If you want to understand all the numbers, some solutions and general goings on of the ballot, take a look at this article by Dan here.

And for all of you who have been lucky to get a place – treasure it and don’t waste it. Rocking up on the start line with zero training and doing a poor job of it is unfair on those who would have embraced it, put in the hours and done a fabulous event justice. So take pride in your bib.

Thoughts? Alternative ballot ideas? Better-marathons-than-London suggestions? Better-distances-than-marathon suggestions?

#YourGoTri – The time Kate was finally convinced to try Triathlon

It’s been a super summer of sport and between the Olympics, the Paralympics and the Brownlee’s demonstration of sporting brotherly love at the Triathlon World Series in Mexico a couple of weeks ago, “triathlon” hasn’t been far from anyone’s lips.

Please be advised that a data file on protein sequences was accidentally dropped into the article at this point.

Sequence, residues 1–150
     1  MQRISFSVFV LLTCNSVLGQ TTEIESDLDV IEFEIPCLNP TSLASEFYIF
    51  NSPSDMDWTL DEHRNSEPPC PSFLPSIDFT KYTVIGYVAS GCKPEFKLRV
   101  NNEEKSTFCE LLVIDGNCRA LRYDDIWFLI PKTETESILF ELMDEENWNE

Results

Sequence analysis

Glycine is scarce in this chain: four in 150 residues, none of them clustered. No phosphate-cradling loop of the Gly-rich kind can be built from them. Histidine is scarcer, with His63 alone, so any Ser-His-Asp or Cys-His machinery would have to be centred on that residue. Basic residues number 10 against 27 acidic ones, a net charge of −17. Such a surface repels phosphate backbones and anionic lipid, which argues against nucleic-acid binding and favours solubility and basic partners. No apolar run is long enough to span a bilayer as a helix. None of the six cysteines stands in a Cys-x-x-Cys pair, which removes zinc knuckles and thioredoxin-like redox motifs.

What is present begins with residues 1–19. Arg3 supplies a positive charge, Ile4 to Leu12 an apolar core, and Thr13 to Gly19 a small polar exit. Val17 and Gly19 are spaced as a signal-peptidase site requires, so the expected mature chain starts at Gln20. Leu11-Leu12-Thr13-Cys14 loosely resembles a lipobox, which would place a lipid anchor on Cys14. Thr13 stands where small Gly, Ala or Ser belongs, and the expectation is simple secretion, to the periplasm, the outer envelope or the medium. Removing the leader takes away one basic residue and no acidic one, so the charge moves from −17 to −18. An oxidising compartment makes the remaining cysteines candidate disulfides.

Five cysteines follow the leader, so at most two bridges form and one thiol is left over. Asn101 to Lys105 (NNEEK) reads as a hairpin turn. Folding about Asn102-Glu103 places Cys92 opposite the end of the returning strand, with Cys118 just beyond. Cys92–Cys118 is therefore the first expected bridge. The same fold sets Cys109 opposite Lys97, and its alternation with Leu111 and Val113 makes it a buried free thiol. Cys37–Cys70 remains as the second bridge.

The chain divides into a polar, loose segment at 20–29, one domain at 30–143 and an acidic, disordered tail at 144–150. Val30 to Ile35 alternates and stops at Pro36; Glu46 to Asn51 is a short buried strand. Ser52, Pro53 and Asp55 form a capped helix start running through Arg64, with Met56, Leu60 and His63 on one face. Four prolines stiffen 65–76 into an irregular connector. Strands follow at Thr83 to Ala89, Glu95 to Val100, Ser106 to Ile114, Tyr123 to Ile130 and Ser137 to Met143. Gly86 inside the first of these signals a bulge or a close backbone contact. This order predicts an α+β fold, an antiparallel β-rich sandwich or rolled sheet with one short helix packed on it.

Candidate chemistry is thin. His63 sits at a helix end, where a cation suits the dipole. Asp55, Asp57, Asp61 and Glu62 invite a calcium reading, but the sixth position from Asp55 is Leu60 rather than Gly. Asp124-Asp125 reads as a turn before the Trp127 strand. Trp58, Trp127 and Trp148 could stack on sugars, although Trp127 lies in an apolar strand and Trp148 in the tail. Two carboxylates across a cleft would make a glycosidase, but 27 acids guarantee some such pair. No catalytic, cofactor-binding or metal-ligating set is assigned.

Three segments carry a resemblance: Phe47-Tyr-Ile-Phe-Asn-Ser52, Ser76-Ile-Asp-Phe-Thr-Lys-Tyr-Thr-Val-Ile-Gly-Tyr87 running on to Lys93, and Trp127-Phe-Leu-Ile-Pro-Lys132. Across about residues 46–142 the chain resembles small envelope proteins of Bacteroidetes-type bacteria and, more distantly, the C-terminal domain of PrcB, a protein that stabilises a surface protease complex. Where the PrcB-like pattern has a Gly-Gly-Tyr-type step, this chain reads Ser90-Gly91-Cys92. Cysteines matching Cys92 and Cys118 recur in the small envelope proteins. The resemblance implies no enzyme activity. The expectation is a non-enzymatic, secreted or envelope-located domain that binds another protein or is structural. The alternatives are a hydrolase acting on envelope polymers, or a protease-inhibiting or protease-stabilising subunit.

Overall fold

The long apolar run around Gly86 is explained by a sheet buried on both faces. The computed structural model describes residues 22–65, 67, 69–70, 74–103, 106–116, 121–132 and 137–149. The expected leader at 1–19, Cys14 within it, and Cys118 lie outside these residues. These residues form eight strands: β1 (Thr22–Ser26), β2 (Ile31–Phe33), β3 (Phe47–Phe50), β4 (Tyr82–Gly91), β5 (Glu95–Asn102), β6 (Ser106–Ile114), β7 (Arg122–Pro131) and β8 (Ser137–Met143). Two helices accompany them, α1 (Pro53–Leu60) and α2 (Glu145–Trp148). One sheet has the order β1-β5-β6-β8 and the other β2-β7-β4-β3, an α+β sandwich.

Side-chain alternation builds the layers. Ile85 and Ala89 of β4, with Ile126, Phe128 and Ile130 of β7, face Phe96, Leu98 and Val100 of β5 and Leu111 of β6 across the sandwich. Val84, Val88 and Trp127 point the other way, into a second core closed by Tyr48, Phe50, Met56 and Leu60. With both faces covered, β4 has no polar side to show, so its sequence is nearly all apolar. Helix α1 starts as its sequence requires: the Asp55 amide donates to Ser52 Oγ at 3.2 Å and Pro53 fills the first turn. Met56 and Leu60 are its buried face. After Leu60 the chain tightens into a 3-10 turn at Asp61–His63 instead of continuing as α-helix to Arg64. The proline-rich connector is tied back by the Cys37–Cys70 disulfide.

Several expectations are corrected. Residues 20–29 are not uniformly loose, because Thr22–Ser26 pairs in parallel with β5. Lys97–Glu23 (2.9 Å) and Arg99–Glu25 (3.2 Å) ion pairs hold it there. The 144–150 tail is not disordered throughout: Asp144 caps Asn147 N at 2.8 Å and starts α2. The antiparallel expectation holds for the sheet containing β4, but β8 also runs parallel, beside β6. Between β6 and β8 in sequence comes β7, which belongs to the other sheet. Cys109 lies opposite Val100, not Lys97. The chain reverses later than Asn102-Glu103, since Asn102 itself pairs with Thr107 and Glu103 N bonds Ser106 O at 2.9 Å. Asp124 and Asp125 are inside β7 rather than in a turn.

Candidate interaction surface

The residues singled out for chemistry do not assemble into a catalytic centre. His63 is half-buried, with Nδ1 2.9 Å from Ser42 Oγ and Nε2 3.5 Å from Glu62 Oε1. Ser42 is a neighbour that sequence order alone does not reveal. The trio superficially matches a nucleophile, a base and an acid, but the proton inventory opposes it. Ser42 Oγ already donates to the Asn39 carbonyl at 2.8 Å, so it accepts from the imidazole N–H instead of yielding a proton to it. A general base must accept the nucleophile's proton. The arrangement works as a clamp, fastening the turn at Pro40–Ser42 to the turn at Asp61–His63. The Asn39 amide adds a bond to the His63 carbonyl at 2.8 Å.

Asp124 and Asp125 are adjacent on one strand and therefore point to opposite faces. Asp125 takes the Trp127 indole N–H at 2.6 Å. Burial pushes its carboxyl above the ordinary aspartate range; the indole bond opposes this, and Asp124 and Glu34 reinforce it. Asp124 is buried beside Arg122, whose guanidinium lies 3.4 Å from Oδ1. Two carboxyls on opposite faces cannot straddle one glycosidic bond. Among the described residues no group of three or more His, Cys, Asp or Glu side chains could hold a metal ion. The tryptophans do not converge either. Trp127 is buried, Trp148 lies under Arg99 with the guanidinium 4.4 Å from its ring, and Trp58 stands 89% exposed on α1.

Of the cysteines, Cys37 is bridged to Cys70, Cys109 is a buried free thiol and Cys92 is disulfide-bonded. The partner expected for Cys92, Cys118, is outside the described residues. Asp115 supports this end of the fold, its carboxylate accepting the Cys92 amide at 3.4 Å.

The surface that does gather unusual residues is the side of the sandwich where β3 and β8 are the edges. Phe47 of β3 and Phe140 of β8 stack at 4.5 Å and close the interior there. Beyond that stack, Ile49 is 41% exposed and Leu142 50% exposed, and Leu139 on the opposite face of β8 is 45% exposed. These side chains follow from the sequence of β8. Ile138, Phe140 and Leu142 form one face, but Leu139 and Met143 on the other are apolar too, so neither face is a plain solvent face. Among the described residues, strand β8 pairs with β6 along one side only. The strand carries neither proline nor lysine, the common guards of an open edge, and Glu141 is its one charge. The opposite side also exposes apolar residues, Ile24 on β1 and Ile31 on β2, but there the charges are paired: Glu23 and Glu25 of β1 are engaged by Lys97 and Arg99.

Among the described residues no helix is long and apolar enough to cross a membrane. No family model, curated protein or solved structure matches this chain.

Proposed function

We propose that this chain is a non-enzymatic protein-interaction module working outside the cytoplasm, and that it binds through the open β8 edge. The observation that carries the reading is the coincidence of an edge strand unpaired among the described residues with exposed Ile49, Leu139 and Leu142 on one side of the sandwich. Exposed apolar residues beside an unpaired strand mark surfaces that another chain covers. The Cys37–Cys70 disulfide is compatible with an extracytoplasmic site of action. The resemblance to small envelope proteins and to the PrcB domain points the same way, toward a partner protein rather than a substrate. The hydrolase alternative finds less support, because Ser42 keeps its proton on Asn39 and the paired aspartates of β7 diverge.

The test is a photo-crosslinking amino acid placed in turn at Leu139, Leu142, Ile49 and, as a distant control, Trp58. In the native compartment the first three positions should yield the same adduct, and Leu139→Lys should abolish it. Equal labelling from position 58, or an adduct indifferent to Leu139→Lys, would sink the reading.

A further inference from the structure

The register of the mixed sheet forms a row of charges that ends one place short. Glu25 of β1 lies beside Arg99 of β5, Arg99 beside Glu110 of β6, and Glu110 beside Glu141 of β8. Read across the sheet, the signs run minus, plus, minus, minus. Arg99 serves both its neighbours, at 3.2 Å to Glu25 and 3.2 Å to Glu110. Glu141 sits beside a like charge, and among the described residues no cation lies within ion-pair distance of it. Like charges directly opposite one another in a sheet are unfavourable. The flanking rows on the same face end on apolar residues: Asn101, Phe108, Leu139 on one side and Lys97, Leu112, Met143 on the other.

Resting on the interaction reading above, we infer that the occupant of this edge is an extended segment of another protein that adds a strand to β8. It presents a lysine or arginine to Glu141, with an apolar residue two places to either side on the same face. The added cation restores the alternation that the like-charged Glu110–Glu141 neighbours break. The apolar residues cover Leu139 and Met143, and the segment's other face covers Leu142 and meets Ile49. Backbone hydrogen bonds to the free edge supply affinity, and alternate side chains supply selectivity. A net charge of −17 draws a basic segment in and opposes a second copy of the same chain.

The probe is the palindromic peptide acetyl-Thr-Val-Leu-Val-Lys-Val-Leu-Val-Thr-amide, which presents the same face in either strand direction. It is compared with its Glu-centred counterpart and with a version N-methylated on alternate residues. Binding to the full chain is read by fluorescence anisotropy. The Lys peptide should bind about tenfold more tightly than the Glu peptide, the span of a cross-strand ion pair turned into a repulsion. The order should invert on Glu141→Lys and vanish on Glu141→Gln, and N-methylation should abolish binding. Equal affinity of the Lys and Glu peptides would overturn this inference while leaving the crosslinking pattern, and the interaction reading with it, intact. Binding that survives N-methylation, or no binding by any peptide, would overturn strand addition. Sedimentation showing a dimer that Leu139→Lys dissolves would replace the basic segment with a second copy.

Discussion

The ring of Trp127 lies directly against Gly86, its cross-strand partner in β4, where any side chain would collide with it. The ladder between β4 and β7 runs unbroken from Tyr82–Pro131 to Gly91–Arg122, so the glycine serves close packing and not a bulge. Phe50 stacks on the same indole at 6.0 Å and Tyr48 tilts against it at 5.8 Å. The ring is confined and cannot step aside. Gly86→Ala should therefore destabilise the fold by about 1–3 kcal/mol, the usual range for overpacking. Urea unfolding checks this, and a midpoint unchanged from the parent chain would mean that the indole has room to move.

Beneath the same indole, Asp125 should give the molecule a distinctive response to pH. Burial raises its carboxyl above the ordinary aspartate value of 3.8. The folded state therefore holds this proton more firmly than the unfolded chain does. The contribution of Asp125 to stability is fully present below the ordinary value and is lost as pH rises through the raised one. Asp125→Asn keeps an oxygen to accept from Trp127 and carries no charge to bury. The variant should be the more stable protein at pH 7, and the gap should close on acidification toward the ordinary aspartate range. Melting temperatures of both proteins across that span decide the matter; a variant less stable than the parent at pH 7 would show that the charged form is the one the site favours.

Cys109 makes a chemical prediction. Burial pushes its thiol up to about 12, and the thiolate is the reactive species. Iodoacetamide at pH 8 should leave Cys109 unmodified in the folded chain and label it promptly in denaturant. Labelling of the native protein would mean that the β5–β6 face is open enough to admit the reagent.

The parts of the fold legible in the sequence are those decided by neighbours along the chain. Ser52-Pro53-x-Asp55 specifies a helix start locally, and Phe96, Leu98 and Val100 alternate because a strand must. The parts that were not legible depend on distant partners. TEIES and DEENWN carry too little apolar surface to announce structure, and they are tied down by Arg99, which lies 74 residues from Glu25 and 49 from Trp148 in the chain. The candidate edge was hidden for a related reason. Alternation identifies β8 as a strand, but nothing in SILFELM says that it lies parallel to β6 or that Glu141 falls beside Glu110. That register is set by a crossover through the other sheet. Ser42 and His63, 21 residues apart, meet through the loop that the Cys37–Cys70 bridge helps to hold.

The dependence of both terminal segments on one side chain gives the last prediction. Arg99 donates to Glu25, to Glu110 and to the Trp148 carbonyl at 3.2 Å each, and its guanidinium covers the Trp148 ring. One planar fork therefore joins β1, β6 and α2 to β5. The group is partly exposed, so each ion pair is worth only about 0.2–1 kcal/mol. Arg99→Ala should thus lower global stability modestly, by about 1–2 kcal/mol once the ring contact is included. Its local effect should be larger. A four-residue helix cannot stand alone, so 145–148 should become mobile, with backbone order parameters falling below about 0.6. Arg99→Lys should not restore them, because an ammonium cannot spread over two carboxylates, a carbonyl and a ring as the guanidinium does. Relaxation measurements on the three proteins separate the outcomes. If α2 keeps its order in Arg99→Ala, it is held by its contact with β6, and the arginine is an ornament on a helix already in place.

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The Brownlee Brothers (courtesy of mirror.co.uk)

If you’ve been reading or following us for a while, you’ll know that it is Katie F, not me, who is the triathlete of the pair of us. I hate running with a burning passion, and despite being a reasonable cyclist and a not-terrible swimmer, the running alone has always been enough to put me off even considering doing a triathlon. So when British Triathlon contacted us to say that they were running a campaign called #YourGoTri to encourage new people into the sport by pointing out how easy it is to factor all three disciplines into your weekly fitness routine, Katie gave me a look that said “now you really don’t have an excuse”.